THAILAND: Rubber farmers want USD 44 help
Rubber farmers want Prime Minister Prayut Chan-o-cha to use his special powers to help bolster demand for the commodity, for which prices have slumped nearly 40 % this year.
Prayoonsit Kananurk, a spokesman for the Thai Rubber Cooperatives, said on Saturday (8 July 2017) that members unanimously favoured Gen Prayut using Section 44 of the interim constitution to address sagging rubber prices.
For example, he said, the order could be used to require state agencies to use rubber for road construction and repairs, and for other state projects as needed.
The network has designed a banner with a message supporting its position, copies of which will be put up in all rubber-growing provinces, Mr Prayoonsit added.
The Rubber Network Council and Rubber Institute of Thailand on Friday (7 July 2017) urged the prime minister to act quickly as fresh rubber prices had sunk below THB 40 per kilogram and appeared likely to move lower.
World rubber prices have been going downhill as global demand falls, largely because of decreasing orders from China, the world's top consumer of the commodity. The prolonged slump in oil prices has also affected the sector, as petroleum-based synthetic rubber is now more affordable for producers of tyres.
The local price of benchmark ribbed smoked sheet (RSS3) was quoted on Friday (7 July 2017) at THB 53.50 per kilogram, 38 % less than the average of 86.16 THB in January, according to the Rubber Authority of Thailand.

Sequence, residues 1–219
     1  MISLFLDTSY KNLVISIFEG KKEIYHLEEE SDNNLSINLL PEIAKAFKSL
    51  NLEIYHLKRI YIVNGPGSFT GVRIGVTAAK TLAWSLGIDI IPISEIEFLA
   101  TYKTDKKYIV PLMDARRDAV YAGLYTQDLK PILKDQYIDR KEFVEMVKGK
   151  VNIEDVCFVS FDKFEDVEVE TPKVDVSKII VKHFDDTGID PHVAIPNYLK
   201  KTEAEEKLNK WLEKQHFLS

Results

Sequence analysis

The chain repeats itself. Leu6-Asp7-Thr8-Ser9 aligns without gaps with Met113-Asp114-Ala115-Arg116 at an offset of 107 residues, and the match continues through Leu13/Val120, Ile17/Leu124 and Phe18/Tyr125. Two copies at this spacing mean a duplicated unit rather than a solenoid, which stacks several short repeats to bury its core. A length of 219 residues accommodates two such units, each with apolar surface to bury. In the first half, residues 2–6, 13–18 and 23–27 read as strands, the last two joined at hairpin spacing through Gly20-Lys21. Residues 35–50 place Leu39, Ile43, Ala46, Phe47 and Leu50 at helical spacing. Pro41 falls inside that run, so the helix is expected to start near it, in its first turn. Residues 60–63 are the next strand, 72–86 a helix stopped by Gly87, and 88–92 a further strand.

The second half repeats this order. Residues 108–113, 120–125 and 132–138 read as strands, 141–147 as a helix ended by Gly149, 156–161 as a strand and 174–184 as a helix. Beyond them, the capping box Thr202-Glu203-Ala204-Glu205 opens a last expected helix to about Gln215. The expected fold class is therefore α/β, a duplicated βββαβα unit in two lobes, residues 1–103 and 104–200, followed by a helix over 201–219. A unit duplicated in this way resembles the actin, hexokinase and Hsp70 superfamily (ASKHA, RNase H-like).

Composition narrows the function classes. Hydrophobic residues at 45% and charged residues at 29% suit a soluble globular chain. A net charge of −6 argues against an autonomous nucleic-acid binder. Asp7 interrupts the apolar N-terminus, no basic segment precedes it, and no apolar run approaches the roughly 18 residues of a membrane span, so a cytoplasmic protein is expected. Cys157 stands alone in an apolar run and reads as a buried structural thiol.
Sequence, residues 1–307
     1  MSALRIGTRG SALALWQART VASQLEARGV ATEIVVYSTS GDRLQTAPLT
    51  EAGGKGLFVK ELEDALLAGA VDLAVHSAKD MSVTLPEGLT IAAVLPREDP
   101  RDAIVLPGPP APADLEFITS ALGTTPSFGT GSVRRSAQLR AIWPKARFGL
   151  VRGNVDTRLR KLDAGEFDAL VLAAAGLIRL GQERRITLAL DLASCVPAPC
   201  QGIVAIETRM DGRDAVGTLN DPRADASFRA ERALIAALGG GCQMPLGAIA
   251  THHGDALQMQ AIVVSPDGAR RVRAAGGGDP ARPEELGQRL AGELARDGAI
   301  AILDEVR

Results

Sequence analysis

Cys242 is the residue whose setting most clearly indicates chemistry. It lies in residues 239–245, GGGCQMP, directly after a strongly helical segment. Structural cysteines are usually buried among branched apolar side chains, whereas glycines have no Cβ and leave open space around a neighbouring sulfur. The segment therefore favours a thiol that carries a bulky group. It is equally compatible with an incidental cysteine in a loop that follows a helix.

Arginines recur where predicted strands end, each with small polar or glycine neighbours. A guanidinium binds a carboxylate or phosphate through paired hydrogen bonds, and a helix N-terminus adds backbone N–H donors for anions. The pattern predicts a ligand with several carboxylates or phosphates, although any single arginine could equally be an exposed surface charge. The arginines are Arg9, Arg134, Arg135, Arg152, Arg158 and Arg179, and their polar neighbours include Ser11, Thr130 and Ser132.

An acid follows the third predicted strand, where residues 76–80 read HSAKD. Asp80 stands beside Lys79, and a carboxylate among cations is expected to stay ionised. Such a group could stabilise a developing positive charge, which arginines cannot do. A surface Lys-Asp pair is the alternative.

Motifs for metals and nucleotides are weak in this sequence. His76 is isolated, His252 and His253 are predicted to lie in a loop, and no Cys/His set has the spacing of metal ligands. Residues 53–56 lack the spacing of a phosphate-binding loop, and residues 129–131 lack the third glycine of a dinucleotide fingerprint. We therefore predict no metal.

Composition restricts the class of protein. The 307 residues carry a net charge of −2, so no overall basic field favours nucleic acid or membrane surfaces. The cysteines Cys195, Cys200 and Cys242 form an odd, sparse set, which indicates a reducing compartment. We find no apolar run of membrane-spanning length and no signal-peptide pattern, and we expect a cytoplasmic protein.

Thailand exported 3.8 million tonns of rubber last year, a 7 % drop from 2015, according to Bank of Thailand figures.
Gen Prayut said on his weekly television program on Friday (7 July 2017) that the country had an oversupply of rubber as some farmers had encroached on up to 3 million rai of state land to turn it into rubber plantations.
He warned of legal action against the encroachers and urged farmers not to put pressure on the government to follow their demands.
The government already encouraged state agencies to use rubber, he said, but such a policy could not produce instant results since there was a time lag between purchasing the commodity and processing it for end-use.
Source: Daily “The Bangkok Post”, Bangkok; 8 July 2017
(Syed Rashid Ali, Karachi, Pakistan)